A British contender, John McEwen, has entered the race for the FEI presidency – the fourth European to declare their bid for the role.
McEwen, who is currently first vice-president of the FEI, will seek the presidency when the incumbent, Princess Haya, steps down at the world governing body’s General Assembly in Baku, Azerbaijan, in mid-December. She has held the position for eight years.
Three other candidates have declared their interest in the role so far. They are Pierre Durand, 59, nominated by the French Equestrian Federation; Ulf Helgstrand, 63, nominated by the Danish Equestrian Federation, and Swiss nominee Pierre Genecand, 64.
Helgstrand and Durand announced their candidacies last week. Genecand declared his candidacy in April.
The FEI has imposed a September 1 deadline for nominations for the presidency, each of which must have the backing of their national federation.
McEwen, as well as serving as first vice-president in support of Princess Haya since 2000, has been the FEI’s Veterinary Committee chairman for the last eight years.
During this time he has also served as the British Equestrian Federation’s World Class Performance Programme’s director for equine sports science and medicine.
British Equestrian Federation president and chairman Keith Taylor said: “We were geared to support HRH Princess Haya in her campaign to run for another four years.
“Her withdrawal from the race a couple of weeks before nominations closed has caused us to move quickly. But, we took no time in citing John McEwen for our nomination.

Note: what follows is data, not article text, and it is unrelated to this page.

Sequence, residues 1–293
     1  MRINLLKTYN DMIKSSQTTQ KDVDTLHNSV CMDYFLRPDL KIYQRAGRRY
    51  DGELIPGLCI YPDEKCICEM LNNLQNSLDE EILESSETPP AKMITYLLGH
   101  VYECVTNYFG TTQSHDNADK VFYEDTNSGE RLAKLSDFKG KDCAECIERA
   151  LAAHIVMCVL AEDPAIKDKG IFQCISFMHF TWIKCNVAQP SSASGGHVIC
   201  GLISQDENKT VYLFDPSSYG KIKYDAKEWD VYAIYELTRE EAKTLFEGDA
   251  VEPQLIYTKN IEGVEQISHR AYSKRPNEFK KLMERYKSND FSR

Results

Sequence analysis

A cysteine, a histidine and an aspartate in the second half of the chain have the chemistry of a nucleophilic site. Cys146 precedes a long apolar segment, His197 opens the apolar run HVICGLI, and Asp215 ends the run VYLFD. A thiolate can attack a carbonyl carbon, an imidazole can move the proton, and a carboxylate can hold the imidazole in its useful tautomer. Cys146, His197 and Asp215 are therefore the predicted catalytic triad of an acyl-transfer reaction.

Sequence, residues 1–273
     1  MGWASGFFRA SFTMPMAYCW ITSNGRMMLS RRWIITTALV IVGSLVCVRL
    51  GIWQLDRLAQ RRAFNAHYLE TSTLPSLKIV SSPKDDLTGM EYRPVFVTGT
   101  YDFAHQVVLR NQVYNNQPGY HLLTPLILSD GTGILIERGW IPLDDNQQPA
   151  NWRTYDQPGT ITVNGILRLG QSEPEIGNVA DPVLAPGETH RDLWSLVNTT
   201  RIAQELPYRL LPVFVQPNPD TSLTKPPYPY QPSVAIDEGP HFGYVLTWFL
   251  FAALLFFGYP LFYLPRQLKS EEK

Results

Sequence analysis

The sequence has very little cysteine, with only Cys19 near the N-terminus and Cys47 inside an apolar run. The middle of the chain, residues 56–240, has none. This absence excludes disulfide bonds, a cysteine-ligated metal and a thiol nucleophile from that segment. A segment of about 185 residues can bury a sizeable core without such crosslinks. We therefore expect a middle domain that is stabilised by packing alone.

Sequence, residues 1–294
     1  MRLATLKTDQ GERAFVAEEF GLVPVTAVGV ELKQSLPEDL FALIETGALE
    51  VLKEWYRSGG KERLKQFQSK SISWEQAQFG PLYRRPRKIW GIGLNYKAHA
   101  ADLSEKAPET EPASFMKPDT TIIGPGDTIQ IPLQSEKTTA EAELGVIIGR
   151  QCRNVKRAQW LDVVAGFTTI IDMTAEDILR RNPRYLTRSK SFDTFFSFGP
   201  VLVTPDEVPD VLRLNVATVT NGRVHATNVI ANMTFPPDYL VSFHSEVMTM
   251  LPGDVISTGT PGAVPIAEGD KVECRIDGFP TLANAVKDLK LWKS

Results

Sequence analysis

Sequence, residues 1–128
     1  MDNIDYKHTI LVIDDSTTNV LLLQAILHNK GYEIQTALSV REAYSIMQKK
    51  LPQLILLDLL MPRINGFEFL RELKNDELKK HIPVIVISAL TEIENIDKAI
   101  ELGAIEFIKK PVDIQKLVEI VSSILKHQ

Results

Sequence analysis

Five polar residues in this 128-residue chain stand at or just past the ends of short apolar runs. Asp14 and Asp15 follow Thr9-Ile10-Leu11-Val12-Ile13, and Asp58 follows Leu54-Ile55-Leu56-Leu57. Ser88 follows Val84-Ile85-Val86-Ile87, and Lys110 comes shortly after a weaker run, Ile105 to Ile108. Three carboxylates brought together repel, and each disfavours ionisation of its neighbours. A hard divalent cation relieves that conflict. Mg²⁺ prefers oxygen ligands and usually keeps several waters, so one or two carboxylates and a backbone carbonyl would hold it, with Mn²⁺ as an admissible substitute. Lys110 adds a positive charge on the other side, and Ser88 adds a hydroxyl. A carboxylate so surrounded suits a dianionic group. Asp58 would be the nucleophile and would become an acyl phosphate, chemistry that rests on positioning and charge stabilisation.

“He is hugely experienced and electable. He knows the FEI inside out and he knows what needs to be done to build on Princess Haya’s outstanding legacy.
“He is very well respected throughout the international community as a man of integrity. We support him fully.”
McEwen said he was delighted to play his part in supporting the FEI and Princess Haya.
“I have no illusions about the challenges for this election and the work that needs to be undertaken in the future.
“I run because I know I have the confidence and support of my own federation and because I am committed to the direction our current president has forged.
“There is clearly more work to do, but we have good people in place and a sound executive team led well by its secretary general, Ingmar De Vos. If elected, I will seek to run a steady course and a period of further evolution.”
The British federation, which released a statement announcing McEwen’s candidacy, said he was well versed in both the sporting and commercial decisions of the FEI, having been at the “sharp end” of the organisation’s work over a time of expansion, including its “clean sport” campaign and a period of unsurpassed sponsorship acquisition.
It said McEwen was known for his diplomacy, his integrity, modesty, and strong sense of fair play.
“John is very well connected within the sport,” the federation said.
Earlier report on presidential nominations here.